• What do you mean when you say take multiple copies?. Can i make i duplicate of that state? But that would violate the no cloning theorem or do I attach an ancilla with my state $\alpha|0\rangle+\beta|1\rangle$ and do a CNOT with that. Do this for say 100 times each time adding an ancilla. After the completion of those 100 rounds the measurement outcome that is in majority is the one my quantum state was in most probably – Upstart Nov 13 '19 at 19:27
• @Upstart as per no cloning, you cannot implement a reversible operation duplicating an arbitrary input state. What I'm saying here is simply that in practice you can usually prepare the same state multiple times. Eg shine your laser through the same quantum optical apparatus to alway get the same output. No-cloning has no bearing here because you are not using a state as input to make a copy of the same state – glS Nov 13 '19 at 19:31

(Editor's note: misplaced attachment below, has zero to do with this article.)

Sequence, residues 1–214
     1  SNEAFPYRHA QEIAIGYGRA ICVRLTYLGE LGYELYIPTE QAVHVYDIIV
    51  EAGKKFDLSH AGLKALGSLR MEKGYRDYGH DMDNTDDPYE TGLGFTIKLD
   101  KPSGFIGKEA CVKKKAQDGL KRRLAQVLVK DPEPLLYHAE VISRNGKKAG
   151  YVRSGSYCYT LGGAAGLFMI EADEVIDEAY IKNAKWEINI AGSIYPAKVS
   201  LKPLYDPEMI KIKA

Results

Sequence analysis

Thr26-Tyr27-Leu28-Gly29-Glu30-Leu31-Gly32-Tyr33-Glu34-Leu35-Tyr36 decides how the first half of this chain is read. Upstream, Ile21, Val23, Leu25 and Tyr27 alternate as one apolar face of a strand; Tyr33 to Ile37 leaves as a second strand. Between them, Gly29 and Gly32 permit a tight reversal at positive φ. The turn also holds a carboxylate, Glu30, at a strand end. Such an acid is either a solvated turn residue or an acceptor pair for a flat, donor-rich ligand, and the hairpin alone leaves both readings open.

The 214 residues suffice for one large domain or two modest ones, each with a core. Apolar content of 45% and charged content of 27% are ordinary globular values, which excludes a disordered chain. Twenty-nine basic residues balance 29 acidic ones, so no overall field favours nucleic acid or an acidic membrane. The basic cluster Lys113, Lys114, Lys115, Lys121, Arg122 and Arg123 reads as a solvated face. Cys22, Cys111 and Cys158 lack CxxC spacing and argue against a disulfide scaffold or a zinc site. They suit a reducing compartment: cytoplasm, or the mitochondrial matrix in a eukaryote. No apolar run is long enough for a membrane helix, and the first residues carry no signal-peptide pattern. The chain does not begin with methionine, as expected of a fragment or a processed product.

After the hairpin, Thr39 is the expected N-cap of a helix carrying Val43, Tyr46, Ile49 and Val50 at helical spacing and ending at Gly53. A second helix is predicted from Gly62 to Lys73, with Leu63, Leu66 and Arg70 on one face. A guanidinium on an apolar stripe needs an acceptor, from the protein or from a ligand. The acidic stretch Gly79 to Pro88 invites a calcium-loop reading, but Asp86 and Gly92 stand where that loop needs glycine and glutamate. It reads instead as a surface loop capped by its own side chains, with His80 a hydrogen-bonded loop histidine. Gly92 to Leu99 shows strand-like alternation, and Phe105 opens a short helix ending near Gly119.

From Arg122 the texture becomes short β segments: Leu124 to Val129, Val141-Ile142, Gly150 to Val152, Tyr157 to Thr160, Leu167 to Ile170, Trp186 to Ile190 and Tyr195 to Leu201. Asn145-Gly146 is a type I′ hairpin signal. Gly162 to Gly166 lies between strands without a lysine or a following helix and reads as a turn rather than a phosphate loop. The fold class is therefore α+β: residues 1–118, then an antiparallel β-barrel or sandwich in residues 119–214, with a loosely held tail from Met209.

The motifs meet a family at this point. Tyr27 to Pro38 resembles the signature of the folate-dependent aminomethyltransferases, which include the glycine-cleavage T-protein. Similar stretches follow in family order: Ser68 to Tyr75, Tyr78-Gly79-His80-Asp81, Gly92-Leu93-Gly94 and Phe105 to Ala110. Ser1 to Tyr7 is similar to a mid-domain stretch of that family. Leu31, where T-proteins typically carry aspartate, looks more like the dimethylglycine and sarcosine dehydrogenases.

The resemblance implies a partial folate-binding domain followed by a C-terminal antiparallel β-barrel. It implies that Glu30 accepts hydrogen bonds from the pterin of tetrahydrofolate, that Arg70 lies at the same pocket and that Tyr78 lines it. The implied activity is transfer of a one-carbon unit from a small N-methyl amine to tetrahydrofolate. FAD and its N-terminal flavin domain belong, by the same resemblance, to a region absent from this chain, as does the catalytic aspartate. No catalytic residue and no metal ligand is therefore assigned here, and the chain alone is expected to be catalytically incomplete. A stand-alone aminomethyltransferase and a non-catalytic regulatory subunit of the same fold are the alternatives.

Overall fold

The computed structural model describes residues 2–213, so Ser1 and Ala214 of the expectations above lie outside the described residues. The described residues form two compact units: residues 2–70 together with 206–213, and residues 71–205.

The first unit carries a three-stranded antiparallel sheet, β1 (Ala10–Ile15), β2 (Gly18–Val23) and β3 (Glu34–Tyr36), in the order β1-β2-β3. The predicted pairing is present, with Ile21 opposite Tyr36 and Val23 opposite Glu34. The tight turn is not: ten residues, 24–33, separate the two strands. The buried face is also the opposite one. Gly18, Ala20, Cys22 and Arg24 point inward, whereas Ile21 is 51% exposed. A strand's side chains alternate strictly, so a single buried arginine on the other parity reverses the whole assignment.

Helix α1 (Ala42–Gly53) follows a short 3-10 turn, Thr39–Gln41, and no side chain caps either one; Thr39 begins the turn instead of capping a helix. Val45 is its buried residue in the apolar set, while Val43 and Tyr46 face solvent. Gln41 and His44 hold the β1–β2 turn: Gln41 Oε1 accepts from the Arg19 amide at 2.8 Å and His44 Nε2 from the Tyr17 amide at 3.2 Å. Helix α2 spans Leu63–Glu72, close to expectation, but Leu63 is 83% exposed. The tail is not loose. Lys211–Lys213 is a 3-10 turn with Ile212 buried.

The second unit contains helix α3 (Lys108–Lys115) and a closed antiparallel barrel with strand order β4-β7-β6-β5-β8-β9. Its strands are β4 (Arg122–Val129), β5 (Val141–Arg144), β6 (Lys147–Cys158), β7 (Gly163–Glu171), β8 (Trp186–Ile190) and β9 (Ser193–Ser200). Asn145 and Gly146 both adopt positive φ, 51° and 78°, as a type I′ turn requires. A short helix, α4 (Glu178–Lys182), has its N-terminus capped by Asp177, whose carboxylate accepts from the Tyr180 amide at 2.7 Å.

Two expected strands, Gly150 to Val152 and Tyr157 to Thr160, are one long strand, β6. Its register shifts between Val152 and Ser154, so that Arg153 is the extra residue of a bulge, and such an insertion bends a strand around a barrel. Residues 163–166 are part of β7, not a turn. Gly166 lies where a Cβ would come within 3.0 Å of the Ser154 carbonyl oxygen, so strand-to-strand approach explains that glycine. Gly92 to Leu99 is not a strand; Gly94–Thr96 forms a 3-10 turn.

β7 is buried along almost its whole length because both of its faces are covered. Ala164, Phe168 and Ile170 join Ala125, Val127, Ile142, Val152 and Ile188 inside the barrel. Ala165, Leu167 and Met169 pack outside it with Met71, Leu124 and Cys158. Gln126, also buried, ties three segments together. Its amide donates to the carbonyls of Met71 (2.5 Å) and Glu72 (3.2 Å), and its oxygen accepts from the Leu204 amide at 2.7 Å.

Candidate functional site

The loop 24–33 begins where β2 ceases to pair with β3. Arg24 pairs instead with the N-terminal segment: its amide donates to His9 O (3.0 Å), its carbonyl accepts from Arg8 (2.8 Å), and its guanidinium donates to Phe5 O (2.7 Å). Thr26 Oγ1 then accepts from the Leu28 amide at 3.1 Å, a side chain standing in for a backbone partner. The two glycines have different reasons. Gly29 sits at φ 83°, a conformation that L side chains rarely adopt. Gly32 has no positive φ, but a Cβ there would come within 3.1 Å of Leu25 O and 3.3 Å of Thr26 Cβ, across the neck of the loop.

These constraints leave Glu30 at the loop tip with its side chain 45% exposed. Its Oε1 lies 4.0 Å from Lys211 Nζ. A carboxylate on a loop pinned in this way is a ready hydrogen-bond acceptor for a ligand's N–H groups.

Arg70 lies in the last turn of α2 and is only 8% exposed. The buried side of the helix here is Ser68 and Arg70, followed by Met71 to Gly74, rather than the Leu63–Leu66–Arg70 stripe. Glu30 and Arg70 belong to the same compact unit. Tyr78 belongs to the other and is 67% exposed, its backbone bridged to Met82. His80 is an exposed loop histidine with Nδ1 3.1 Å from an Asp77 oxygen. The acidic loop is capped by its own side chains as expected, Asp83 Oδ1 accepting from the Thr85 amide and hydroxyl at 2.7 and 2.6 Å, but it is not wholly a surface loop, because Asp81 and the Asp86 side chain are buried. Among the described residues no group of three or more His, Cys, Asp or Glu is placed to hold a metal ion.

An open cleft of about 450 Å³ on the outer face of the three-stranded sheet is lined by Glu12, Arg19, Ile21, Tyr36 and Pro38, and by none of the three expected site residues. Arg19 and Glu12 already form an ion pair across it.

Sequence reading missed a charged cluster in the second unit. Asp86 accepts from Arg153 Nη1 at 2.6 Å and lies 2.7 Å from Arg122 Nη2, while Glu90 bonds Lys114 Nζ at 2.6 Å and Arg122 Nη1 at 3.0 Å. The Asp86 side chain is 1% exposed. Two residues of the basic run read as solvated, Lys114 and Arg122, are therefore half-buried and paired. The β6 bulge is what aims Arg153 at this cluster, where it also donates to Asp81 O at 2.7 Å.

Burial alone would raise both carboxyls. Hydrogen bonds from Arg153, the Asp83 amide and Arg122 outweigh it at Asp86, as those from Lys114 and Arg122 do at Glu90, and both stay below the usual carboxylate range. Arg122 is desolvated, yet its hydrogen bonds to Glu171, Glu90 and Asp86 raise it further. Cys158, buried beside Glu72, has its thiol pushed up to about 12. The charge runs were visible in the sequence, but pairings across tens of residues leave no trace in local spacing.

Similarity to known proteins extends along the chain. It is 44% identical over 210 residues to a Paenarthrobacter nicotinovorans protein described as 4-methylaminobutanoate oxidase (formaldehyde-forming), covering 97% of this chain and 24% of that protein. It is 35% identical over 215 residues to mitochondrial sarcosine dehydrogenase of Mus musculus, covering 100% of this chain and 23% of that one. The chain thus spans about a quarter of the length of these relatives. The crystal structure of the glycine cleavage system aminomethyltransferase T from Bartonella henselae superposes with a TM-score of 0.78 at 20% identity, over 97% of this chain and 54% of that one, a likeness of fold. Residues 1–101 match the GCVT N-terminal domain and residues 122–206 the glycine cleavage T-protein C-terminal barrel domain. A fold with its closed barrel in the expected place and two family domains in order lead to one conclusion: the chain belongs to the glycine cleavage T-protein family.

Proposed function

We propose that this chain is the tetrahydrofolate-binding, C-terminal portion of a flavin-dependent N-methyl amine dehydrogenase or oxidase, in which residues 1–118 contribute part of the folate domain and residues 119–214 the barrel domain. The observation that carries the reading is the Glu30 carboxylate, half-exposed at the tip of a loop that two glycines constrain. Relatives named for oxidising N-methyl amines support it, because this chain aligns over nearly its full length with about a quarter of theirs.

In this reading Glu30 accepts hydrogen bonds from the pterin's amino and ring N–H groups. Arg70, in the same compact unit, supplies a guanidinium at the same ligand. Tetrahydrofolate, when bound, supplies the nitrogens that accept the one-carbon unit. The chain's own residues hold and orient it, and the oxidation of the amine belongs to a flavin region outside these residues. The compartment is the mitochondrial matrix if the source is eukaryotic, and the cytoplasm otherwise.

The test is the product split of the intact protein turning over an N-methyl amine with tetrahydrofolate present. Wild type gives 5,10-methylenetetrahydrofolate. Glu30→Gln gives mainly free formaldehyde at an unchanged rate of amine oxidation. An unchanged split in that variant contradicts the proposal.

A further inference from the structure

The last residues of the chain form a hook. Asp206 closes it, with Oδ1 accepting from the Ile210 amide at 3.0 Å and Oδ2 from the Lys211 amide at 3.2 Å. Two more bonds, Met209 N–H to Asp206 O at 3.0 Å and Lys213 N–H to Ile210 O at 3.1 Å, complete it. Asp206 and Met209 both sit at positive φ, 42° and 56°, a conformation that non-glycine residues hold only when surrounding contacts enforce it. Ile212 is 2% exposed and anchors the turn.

• okay. But can still do what I proposed that I can do a CNOT between the state and my ancilla state $|0\rangle$. And repeat these steps and take the majority measurements. – Upstart Nov 13 '19 at 19:34
• @Upstart I'm not totally clear about the protocol you are proposing but it seems like a probabilistic protocol so no-cloning does not apply in that scenario. Anyway, you might be better off asking that as a separate question as it does not seem to be related to this one. – glS Nov 13 '19 at 19:37